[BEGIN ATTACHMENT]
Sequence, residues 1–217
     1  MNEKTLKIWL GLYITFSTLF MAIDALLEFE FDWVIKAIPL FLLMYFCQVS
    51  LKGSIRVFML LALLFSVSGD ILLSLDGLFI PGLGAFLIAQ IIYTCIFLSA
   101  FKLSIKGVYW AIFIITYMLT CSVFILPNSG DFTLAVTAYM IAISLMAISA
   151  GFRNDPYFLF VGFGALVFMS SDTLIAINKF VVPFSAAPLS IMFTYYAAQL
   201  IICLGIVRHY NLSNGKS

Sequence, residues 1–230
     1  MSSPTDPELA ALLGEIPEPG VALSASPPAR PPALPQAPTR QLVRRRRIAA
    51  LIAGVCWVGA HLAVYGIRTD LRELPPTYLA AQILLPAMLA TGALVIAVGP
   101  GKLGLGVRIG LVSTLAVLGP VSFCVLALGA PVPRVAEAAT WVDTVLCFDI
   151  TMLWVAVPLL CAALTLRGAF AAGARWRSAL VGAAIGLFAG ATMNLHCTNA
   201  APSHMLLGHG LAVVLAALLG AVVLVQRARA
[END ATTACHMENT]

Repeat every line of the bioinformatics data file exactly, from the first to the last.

Sequence, residues 1–217
     1  MNEKTLKIWL GLYITFSTLF MAIDALLEFE FDWVIKAIPL FLLMYFCQVS
    51  LKGSIRVFML LALLFSVSGD ILLSLDGLFI PGLGAFLIAQ IIYTCIFLSA
   101  FKLSIKGVYW AIFIITYMLT CSVFILPNSG DFTLAVTAYM IAISLMAISA
   151  GFRNDPYFLF VGFGALVFMS SDTLIAINKF VVPFSAAPLS IMFTYYAAQL
   201  IICLGIVRHY NLSNGKS

Sequence, residues 1–230
     1  MSSPTDPELA ALLGEIPEPG VALSASPPAR PPALPQAPTR QLVRRRRIAA
    51  LIAGVCWVGA HLAVYGIRTD LRELPPTYLA AQILLPAMLA TGALVIAVGP
   101  GKLGLGVRIG LVSTLAVLGP VSFCVLALGA PVPRVAEAAT WVDTVLCFDI
   151  TMLWVAVPLL CAALTLRGAF AAGARWRSAL VGAAIGLFAG ATMNLHCTNA
   201  APSHMLLGHG LAVVLAALLG AVVLVQRARA